COLUMBUS, Ohio -- Surgery patients who are overweight are about six to nine times more likely to develop post-operative infections than patients who are not overweight, new research suggests.
In a study of patients who had elective surgery at Ohio State University over a three-month period, researchers found that 2.8 percent of the overweight and 4 percent of the severely overweight patients developed post-operative infections while in the hospital. Conversely, only 0.5 percent of the normal weight patients developed such infections. The overweight and severely overweight patients were not any more ill to begin with than the normal weight patients.
"There was a significant increase in the number of hospital-acquired infections in the obese populations," said Patricia Choban, an assistant professor of surgery at Ohio State and lead author of the study. "These results support the increasing body of evidence suggesting that obese patients may be at increase drisk for infectious complications around surgery, particularly wound complications."
Obesity is currently the most prevalent chronic disease in the United States, Choban said, with nearly 35 percent of the U.S. population affected.
Choban conducted this research with Rachel Heckler, graduate student; Jean C. Burge, a patient care resource manager in general surgery; and Louis Flancbaum, an associate professor of surgery, all from OhioState. The group's work was published in a recent issue of The American Surgeon.
For the study, Choban and her colleagues reviewed the anesthesia records of 849 patients who had general, urologic, gynecologic or thoracic surgery at Ohio State University Hospitals between October 1 and December 31, 1991. These records included the height, weight, age, gender and body mass index (BMI) of each patient, as well as the anesthesiologist's estimate of the severity of the patient's disease.
The researchers then reviewed hospital epidemiology records to determine how many of these patients acquired infections while they were hospital inpatients.
- Of the patients in the study, 63 percent were categorized as normal weight (BMI under 27 kilograms/square meter), 21 percent were categorized as obese (BMI 27 to 31 kilograms/square meter) and 16 percent were categorized as severely obese (BMI over 31 kilograms/square meter).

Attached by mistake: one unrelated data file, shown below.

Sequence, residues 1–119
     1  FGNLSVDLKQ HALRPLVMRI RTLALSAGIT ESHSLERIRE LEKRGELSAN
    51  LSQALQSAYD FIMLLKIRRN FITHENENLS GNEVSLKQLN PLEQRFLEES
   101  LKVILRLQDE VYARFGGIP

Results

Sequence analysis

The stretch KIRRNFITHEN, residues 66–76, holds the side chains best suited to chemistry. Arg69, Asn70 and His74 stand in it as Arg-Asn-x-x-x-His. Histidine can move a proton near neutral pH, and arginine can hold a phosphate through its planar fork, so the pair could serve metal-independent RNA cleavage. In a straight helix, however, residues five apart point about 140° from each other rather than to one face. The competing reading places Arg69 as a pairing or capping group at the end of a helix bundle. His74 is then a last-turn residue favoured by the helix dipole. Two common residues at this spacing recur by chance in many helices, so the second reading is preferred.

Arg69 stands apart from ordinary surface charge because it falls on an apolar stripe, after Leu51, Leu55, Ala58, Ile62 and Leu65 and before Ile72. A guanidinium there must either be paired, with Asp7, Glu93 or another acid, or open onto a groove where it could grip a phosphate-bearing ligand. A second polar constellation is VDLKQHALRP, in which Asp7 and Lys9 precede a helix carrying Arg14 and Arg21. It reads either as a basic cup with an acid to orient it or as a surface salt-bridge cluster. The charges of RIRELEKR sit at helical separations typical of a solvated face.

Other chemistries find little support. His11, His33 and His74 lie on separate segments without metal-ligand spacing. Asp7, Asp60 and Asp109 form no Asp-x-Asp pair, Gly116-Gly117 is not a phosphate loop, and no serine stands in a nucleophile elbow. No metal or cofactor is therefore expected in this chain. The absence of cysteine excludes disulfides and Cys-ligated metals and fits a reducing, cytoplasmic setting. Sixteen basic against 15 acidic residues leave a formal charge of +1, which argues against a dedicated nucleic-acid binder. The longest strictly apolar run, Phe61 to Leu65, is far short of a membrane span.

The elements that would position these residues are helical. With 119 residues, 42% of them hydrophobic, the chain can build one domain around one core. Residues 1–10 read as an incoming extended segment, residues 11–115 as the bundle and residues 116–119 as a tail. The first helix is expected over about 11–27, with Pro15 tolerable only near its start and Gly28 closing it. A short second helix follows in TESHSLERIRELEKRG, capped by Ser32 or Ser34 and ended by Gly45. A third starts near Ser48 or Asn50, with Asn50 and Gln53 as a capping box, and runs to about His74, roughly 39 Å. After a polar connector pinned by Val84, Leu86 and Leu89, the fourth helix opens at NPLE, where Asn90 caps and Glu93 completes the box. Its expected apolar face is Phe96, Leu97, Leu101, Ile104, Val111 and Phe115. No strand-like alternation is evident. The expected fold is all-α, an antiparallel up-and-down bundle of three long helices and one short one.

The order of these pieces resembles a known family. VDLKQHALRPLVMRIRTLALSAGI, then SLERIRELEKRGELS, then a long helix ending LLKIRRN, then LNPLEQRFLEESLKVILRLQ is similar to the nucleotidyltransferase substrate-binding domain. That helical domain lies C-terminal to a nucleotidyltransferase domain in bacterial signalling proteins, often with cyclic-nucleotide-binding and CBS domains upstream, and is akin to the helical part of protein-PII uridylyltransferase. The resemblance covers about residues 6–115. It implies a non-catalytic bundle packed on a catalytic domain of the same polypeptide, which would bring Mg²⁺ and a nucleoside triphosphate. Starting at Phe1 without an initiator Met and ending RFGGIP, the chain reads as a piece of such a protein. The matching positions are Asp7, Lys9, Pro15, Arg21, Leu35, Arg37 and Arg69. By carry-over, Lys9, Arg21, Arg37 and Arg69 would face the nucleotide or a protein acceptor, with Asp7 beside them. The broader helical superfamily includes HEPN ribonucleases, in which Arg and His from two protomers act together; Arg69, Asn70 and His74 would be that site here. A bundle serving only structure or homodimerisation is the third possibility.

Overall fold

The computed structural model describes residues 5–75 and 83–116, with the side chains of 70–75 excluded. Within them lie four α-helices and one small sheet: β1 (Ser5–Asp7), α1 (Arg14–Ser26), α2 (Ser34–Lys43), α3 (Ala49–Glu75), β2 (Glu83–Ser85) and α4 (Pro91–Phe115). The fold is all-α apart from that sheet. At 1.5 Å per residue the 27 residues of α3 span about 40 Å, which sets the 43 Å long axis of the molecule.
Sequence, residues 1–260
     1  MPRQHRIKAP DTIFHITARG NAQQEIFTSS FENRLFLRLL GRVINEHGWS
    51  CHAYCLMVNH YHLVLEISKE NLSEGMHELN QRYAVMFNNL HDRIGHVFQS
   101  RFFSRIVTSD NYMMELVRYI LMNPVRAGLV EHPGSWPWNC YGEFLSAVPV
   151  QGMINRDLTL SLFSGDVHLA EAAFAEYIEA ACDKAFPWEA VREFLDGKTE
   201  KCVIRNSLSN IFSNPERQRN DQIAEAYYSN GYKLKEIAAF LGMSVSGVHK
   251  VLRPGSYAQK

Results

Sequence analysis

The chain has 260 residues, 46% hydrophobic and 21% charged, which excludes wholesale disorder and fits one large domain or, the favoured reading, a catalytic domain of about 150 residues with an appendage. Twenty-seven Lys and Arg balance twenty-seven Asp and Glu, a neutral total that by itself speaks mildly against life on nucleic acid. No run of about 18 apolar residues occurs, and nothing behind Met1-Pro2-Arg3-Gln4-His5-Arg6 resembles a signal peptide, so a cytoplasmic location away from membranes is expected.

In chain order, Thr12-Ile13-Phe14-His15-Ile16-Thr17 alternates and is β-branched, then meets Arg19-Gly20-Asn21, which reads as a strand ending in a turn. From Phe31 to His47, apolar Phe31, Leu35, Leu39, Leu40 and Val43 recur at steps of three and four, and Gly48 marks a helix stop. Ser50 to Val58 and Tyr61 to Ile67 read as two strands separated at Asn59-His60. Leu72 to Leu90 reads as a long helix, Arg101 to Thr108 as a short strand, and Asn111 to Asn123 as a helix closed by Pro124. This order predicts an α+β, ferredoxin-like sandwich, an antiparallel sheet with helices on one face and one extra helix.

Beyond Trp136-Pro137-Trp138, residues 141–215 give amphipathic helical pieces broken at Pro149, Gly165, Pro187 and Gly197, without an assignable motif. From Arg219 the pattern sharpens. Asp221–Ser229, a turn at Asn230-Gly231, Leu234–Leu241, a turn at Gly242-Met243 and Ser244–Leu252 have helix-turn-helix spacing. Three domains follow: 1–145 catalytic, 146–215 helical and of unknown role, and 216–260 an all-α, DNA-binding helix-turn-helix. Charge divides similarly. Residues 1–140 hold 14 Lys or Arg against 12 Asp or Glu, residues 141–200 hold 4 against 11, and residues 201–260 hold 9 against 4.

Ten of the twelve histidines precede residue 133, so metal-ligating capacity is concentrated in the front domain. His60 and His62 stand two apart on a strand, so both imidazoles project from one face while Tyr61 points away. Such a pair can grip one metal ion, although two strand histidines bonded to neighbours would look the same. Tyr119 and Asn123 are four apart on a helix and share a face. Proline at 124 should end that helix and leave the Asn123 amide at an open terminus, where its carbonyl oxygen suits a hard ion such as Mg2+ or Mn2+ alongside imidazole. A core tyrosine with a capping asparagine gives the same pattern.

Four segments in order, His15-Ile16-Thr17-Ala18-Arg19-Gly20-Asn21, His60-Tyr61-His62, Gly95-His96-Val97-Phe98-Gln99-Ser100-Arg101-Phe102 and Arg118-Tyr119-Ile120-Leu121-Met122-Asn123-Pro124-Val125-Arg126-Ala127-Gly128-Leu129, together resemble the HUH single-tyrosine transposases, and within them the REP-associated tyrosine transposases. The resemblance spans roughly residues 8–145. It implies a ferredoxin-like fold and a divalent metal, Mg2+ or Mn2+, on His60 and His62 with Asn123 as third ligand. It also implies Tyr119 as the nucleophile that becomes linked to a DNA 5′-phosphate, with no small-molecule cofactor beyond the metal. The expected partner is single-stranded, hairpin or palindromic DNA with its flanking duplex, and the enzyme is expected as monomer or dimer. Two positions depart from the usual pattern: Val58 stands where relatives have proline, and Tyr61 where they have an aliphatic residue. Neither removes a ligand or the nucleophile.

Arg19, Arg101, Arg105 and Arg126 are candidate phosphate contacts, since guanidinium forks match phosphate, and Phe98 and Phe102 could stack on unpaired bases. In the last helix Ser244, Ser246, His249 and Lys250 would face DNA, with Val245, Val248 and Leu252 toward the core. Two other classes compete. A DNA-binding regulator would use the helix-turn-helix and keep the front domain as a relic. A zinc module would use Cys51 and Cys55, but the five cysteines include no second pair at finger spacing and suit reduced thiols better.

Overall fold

- Age and health conditions were similar among all three groups of patients.
- However, patients who were obese had a rate of infection nearly six times higher than that of their normal weight counterparts. Severely obese patients were similarly affected, with a rate of infection nearly nine times that of their normal weight counterparts.
- Obese and severely obese patients, however, had no greater
mortality rates after surgery than the regular weight patients.
Among the regular weight patients, 1.1 percent died after surgery;
among the obese, 1.7 percent died; among the severely obese, 1.4
percent died. Scientists aren't yet sure why overweight surgical
patients have an increased risk of infection. However, Choban
said, there are several hypotheses. Fat tissue, in general, has
poor resistance to infection, she said. In addition, obese patients
tend to have problems maintaining appropriate blood sugar levels,
even if they're not overtly diabetic, and this can contribute
to impaired wound healing and immune system dysfunction. Further,
Choban said, longer operative times due to the size of overweight
patients might contribute to the development of wound problems.
Choban said there are two messages she hopes overweight people
who are facing surgery will take away from this study. "Patients
need to understand that while the doctors are going to do everything
they can, there's going to be a higher risk of infection. They
need to understand what they're getting themselves into. They
have a greater chance of being in the hospital longer than patients
who aren't overweight -- even if everything goes perfectly with
the surgery." At the same time, they need to know that their
risk of dying doesn't appear to be any higher than normal weight
patients. Some overweight patients are told they'll die if they
have an operation. Our study found no evidence to support that;
the increase in infectious complications was not associated with
an increase in patient mortality. Obese patients should be offered
surgical treatment for their disease when surgery is the most
appropriate therapy. Obesity is not a contraindication to an appropriate